From class project to social dialogue – WSU Insider

By on June 9, 2022 0

Three students from Washington State University in Vancouver decided to turn a College of Education classroom assessment into an impactful educational tool for students, teachers and parents.

Thomas Duncan, Annabelle Petty and Jamie Rollerson have developed a podcast on the topic of culturally and linguistically responsive (CLR) pedagogy as an alternative to a conventional classroom assessment or test.

The podcast examines the subject of CLR, a theoretical method of teaching in which the student’s home language and culture are validated and met with fair practice to ensure academic success.

The practice of CLR also invites students to be equal citizens in the classroom community through recognition of age, orientation, nationality, socioeconomic status, religion, gender and of ethnicity. In one of the first podcasts, the hosts discussed the subject of racial injustice, unconscious bias and white privilege and did so by warning the listener that certain conversations might make people feel uncomfortable or on the defensive.

Three microphones

Duncan, Petty, and Rollerson met during their freshman year at WSU Vancouver, each pursuing a Bachelor of Education.

Jessica Masterson, assistant professor of teacher preparation, extended an alternative testing opportunity to students in her pedagogical foundation course, during which the trio created their first podcast together. It was called “An Outline of Instruction”.

Rollerson said she researched podcasts and their features for two years before joining Masterson’s course and was eager to create a multi-person version. All three students said they found the conversation to be a beneficial learning tool, inspiring partnership.

Rollerson’s job is to edit the episodes after filming, a task she says can take 7-10 hours a week.

“The assignment was only worth five points and I could have written an article, but it was something I was passionate about and something I thought would be good for the world in case it went anywhere,” said- she declared. “It became a passion project and the one thing I looked forward to every week.”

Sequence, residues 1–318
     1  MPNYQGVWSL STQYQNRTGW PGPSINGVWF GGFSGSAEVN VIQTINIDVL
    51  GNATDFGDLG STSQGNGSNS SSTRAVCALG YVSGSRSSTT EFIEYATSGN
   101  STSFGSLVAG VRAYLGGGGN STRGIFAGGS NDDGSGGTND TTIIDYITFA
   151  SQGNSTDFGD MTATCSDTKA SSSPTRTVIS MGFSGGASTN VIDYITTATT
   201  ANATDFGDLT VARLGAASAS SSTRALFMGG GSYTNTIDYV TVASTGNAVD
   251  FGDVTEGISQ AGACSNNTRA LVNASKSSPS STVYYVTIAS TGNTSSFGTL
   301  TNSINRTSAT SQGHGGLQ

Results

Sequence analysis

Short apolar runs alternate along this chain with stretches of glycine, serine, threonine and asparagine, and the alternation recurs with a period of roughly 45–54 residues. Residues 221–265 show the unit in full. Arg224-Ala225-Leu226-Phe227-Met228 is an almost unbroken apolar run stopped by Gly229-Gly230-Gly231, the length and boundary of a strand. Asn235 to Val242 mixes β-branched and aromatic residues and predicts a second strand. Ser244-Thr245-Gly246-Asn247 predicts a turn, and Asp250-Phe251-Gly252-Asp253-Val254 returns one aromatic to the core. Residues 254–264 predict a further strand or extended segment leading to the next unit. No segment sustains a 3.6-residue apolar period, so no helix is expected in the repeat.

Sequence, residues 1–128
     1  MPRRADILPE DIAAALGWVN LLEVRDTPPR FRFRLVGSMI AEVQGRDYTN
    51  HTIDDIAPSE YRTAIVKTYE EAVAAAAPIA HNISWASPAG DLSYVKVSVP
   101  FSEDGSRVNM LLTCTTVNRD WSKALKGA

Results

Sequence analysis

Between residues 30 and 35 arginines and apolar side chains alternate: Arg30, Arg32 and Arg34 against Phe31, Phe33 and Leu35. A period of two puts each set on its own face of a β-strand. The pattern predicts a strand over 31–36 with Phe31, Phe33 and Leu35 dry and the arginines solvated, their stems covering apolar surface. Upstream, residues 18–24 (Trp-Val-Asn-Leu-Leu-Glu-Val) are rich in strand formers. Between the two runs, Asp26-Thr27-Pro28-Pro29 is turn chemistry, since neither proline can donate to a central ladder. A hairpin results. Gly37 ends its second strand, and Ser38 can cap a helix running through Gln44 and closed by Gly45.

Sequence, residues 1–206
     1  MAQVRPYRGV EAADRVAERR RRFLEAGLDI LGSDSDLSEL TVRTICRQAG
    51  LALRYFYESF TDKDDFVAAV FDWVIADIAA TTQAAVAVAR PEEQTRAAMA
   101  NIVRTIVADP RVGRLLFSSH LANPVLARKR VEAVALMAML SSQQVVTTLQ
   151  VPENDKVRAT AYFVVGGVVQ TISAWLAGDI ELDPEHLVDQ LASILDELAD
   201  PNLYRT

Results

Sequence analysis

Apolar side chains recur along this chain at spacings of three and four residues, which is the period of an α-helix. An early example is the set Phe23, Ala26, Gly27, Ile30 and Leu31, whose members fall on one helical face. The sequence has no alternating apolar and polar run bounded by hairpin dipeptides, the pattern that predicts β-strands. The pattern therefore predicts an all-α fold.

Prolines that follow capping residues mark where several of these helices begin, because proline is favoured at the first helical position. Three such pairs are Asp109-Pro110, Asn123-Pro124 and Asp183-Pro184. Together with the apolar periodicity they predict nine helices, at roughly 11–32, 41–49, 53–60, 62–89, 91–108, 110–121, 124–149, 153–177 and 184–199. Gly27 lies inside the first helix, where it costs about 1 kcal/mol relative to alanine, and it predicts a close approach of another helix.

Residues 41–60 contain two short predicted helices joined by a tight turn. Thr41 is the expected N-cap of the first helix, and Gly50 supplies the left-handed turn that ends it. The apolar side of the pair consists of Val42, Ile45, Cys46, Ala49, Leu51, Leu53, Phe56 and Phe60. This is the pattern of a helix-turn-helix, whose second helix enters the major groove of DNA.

A series of five episodes of “Insight into Instruction” has begun, far exceeding the intended scope of the assessment.

“I learned 10 times more than I typically learn from a class writing an article,” Duncan said.

Conversations with CLR forwarding

Masterson introduced CLR to his students using Sharroky Hollie’s textbook, “Culturally and Language-Relevant Teaching and Learning.” Hollie’s book builds on the culturally appropriate teaching methods of Gloria Ladson-Billings with a focus on linguistics.

The team initially envisioned their podcast reaching classmates and professors, but quickly caught the attention of those eager to learn more about CLR and its application in the classroom.

So, rather than stopping at five episodes, satisfying the course evaluation requirements, the band decided to continue.

Petty said the podcast has been transformed into a larger tool for others.

After the group welcomed Hollie on its ninth episode, the author posted on social media, which boosted the podcast’s listener count to over 100.

“If I can make my voice heard and that kind of gives a teacher the ability to think a little differently about something they’re doing for their student, then I’ve indirectly helped that child get a better education” , Duncan said. “That’s really what I want to do: help teachers and students become the best versions of themselves by giving them the tools to do so.”

Advocacy for alternative assessments

The students also used the podcast as an alternative means of assessment in their other courses.

Duncan said the support of Masterson and Shameem Rakha, an associate professor at the college, was a significant catalyst in the expansion of the podcast.

Several faculty members intend to entrust the podcast to other students so that they can gain an understanding of CLR in a peer-to-peer style.

“It really supports us in continuing what we do and what we’ve created,” Duncan said.

The trio will attend the Lilly Conference in Asheville, NC in August to share their experiences in multimodal formative assessment with a CLR foundation.

An overview of the instruction can be listened to here:–Teaching-Elementary-Mathematics-Self-Reflections-e1h5ssd